Achievements of the Danbury Music Centre in Danbury Ct

The Danbury Music Center dates back to 1935, when Donald Tweedy brought together the Danbury Community Chorus and the new Young People’s Chorus, both of which he conducted, as well as several small instrumental ensembles, under a common roof. During those first years, he established the Danbury Music Center’s tradition of providing a venue for amateur musicians as well as for professional concerts.

Even during its first years, the Danbury Music Center was already staging major performances such as Gilbert and Sullivan operettas. The Danbury Community Chorus briefly disbanded during World War II, but was quickly reestablished afterward by Jesse Walker.

In the 1950s and 60s, John Burnett brought together amateur musicians to form the Danbury Little Symphony. It still survives to this day as the Danbury Community Orchestra. He also began summer classes to help string players prepare to become part of professional orchestras, a tradition which today has become the Preparatory String Orchestra.

In 1958, the provisions of Donald Tweedy’s will supported the Danbury Music Center as a venue for amateur musicians. This required separation of the Professional Concert Series, which he had started, from the Center’s amateur musical activities. For this reason, the Concert Series was reorganized as the Danbury Concert Association and separated out from the Danbury Music Center organizational structure.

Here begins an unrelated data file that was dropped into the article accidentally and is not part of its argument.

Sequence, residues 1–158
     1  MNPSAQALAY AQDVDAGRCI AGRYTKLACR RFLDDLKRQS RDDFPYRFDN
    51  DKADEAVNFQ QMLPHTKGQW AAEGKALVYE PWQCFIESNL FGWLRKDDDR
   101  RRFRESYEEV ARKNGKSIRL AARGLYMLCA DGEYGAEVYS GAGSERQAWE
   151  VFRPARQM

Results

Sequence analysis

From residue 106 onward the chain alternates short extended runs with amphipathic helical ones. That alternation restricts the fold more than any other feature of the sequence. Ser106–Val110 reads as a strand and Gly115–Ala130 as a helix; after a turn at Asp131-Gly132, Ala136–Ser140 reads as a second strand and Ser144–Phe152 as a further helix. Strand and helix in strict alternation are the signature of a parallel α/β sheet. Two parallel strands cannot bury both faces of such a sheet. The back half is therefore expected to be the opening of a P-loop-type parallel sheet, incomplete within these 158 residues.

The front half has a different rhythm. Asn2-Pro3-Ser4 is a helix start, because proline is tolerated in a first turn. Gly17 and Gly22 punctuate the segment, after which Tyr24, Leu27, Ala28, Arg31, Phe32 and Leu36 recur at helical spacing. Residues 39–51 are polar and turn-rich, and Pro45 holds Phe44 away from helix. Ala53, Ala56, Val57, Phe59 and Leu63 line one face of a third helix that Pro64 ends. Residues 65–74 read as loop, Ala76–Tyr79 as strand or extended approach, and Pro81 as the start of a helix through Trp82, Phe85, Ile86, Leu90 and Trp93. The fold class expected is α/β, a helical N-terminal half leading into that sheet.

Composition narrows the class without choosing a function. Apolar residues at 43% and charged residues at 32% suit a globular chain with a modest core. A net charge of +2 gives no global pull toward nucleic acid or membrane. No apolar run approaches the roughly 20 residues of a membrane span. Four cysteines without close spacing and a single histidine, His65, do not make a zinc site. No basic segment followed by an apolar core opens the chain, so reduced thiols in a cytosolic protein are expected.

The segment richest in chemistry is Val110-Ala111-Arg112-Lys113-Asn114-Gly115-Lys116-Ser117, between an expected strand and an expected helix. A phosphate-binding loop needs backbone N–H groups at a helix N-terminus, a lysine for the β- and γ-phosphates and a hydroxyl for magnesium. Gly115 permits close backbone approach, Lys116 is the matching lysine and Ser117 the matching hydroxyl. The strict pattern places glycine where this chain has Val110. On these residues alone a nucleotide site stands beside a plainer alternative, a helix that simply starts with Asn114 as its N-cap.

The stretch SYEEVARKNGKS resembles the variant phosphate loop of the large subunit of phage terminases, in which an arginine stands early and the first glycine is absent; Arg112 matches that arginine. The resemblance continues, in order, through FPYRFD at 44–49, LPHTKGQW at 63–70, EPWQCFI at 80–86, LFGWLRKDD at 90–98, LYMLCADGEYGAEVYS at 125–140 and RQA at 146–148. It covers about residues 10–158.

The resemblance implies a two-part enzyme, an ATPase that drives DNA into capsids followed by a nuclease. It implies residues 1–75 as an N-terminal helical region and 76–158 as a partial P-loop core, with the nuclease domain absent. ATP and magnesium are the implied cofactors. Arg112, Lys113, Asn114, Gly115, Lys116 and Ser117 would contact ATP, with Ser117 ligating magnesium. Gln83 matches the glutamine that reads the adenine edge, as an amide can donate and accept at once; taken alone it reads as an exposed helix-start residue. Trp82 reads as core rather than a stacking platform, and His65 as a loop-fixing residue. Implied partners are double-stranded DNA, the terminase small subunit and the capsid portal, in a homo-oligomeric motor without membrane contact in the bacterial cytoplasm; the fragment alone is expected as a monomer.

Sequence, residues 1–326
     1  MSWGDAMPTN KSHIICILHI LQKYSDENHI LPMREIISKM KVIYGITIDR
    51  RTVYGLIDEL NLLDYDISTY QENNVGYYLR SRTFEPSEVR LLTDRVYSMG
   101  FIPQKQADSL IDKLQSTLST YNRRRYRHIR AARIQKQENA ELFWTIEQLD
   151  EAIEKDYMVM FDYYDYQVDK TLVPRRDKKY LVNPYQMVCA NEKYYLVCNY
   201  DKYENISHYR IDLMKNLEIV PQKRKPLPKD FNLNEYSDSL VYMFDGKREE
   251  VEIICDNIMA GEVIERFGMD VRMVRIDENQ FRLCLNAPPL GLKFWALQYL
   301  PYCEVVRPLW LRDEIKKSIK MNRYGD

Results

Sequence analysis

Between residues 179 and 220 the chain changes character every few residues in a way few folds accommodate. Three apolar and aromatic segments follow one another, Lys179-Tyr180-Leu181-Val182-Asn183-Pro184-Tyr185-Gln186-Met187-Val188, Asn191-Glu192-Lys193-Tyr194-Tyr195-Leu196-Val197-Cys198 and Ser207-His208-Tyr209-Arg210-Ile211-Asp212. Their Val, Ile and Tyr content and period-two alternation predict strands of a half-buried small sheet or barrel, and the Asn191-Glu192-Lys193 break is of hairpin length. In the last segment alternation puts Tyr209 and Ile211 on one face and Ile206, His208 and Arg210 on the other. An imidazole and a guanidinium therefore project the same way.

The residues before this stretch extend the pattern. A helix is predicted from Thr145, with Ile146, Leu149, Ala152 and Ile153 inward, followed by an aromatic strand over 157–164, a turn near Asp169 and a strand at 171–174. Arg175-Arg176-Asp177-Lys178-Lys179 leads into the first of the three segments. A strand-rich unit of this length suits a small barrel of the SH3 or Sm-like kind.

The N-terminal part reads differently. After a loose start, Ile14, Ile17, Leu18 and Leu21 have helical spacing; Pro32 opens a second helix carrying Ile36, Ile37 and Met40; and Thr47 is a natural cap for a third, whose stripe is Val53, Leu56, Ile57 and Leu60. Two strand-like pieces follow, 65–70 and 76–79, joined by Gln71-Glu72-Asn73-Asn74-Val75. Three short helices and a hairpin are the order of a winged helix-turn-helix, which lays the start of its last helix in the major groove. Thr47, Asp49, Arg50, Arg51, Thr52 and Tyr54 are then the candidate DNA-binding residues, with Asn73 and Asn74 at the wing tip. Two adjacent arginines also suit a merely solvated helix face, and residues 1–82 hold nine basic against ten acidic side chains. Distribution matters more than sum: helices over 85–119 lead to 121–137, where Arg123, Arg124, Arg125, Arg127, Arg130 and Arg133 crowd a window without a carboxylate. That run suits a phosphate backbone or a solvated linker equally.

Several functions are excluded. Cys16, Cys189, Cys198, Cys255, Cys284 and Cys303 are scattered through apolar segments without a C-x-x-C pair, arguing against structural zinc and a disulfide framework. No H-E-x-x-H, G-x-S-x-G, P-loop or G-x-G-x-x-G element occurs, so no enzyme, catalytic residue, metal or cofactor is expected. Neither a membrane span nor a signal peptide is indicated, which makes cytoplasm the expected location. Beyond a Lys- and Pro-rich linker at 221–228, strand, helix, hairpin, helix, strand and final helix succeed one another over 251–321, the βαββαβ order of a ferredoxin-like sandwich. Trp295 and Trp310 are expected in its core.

In 1986, the old public library of the City of Danbury was donated to the Danbury Music Center. This generous donation allowed the Center to expand its activities and amateur support structure.

Every December, the Danbury Music Center performs a fully staged production of Tchaikovsky’s Nutcracker Ballet, danced by the aspiring dancers of the community, with music by the Danbury Symphony Orchestra. This is the only performance at the Danbury Music Center which is not free to attend, with tickets available at a nominal fee of $15-20. The annual tradition of Handel’s Messiah at St. Peter’s Church, featuring the Danbury Concert Chorus and the Danbury Chamber Orchestra, is free to attend. Both these performances always draw standing room crowds.

The Danbury Music Center currently is home to the Danbury Symphony Orchestra, the Danbury Community Orchestra, the Danbury Concert Chorus, and the Danbury Preparatory String Orchestra. A 6-week summer enrichment program is open to teens and young adults in string ensemble, band, and chorus. A special program in West Afrikan drumming is offered for children entering grade 3, along with their grandparents.

The Danbury Music Center can be found at 256 Main Street, Danbury, Connecticut.